Elephant Trunk Hill

At the southern part of Guilin, Elephant Trunk Hill is located at the western bank of Li River, which simply resembles an elephant dipping its snout into the river. With an elevation of 600 feet (200 m), the hill towers 165 feet (55m) above the water.

A legend tells that an elephant, which belonged to the Emperor of Heaven, came down to earth to help the people in their work. This angered the Emperor of Heaven, who stabbed the elephant while it was drinking at the river's edge and turned it to stone. The cave between the body and the trunk of this elephant figure is of a particularly interesting shape and has inspired poets and other writers, old and new, to engrave verses on its walls. The poems of Lo You, Fan Chengda, and other poets from different dynasties are of inestimable literary and archaeological value. On the top of the hill stands the Puxian Pagoda, erected during the Ming Dynasty (1368-1644) and shaped as the handle of the dagger with which the elephant was killed.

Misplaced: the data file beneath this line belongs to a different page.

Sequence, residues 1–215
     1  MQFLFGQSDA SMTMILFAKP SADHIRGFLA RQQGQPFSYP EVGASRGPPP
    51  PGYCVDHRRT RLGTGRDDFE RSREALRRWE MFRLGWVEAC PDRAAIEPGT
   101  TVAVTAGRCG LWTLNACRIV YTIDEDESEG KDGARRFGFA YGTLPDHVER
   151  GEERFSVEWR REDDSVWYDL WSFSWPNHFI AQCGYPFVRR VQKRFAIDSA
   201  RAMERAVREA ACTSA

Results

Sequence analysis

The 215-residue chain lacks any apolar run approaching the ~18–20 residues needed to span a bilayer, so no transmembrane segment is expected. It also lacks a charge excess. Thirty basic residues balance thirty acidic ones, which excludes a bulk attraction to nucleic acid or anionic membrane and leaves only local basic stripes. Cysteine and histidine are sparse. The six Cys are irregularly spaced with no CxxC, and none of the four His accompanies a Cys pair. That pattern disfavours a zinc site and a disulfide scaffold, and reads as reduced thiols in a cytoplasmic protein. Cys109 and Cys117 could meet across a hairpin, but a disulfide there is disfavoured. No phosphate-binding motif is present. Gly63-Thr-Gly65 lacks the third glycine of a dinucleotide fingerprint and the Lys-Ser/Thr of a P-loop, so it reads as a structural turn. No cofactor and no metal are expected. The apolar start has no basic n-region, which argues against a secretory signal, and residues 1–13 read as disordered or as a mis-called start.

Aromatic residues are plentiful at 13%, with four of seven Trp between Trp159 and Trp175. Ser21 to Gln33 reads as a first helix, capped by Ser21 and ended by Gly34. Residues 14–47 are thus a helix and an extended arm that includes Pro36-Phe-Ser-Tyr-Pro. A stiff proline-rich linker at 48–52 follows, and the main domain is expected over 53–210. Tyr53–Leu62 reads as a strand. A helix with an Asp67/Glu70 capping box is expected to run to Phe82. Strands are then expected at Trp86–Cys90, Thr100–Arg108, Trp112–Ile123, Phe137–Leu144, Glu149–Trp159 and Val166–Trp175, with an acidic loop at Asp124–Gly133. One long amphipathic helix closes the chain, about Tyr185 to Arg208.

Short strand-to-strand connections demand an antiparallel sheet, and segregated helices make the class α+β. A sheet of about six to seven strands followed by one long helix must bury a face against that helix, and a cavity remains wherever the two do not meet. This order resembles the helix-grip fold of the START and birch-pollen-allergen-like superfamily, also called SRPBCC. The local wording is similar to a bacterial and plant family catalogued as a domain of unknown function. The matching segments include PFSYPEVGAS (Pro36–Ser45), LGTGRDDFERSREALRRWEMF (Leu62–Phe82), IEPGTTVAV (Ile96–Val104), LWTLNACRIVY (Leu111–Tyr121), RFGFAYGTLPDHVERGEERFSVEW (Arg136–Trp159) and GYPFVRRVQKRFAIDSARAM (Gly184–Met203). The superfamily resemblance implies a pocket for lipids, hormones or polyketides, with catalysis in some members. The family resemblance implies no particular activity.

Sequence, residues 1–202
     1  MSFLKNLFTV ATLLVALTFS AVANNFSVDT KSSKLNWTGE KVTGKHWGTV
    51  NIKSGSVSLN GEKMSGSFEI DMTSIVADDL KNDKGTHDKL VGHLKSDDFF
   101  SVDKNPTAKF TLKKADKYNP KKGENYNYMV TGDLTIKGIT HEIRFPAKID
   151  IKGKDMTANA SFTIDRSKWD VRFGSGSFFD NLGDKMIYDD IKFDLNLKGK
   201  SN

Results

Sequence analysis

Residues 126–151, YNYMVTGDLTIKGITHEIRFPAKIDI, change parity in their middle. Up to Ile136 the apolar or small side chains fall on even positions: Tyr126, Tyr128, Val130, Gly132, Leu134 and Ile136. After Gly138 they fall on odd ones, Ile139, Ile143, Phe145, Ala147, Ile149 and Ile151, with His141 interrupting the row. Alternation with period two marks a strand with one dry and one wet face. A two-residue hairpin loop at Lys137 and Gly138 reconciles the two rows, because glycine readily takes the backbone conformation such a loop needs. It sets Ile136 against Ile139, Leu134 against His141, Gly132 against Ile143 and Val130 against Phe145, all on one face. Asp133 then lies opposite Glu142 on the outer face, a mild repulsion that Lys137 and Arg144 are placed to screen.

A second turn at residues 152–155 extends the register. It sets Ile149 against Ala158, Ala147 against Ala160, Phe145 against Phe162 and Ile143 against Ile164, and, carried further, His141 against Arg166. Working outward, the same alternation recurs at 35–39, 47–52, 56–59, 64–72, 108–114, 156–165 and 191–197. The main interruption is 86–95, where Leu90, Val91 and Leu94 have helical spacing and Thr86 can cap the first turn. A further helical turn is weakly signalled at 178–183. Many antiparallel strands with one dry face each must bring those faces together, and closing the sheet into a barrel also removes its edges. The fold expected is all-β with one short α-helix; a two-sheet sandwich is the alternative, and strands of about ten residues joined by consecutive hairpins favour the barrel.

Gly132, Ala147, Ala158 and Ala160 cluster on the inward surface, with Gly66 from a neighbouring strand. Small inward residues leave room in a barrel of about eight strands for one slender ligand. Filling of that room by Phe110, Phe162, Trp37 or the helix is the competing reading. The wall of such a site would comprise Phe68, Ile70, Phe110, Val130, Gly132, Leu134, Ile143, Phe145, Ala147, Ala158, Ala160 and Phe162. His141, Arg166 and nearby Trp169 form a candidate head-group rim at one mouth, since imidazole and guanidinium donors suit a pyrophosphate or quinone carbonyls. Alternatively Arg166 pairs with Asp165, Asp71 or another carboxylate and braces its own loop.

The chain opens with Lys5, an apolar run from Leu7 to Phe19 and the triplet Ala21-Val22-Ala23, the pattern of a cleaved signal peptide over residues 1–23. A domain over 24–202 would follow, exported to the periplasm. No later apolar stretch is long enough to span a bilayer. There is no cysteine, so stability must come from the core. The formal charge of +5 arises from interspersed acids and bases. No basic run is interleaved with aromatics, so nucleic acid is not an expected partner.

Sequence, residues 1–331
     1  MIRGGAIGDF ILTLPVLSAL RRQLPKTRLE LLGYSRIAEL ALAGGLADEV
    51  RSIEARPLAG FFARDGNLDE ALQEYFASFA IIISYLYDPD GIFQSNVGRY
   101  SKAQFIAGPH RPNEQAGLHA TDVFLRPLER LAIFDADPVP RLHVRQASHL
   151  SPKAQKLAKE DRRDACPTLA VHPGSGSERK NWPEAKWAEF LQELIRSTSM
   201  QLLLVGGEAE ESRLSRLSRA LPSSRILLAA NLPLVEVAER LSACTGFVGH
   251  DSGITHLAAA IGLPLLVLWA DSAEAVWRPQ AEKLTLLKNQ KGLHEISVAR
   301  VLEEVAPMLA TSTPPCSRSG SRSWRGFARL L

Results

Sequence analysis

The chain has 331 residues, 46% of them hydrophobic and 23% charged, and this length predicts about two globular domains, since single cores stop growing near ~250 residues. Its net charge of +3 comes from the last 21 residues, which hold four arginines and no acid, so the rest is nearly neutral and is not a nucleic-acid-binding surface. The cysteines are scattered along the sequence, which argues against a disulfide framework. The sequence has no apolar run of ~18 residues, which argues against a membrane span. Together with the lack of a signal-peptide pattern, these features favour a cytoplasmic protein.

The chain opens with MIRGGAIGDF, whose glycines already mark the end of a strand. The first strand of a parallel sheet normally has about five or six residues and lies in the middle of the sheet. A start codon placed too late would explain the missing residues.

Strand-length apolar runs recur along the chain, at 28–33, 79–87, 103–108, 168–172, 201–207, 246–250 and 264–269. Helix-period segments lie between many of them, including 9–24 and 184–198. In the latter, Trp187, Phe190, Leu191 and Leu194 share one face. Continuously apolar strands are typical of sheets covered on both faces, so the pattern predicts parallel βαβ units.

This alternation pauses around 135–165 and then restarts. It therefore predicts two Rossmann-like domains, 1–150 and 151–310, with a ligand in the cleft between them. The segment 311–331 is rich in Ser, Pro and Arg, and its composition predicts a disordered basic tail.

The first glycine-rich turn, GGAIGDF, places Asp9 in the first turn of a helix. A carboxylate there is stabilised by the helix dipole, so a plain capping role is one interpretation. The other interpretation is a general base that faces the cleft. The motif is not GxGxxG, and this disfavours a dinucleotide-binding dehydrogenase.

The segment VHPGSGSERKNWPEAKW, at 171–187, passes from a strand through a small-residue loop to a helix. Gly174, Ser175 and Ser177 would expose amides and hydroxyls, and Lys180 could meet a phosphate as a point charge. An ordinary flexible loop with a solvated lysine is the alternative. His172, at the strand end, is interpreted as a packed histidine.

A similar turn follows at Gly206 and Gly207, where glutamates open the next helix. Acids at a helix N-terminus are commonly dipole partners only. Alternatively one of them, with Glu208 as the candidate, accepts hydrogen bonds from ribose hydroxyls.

Nowadays Elephant Trunk Hill is regarded as the symbol of Guilin landscape.

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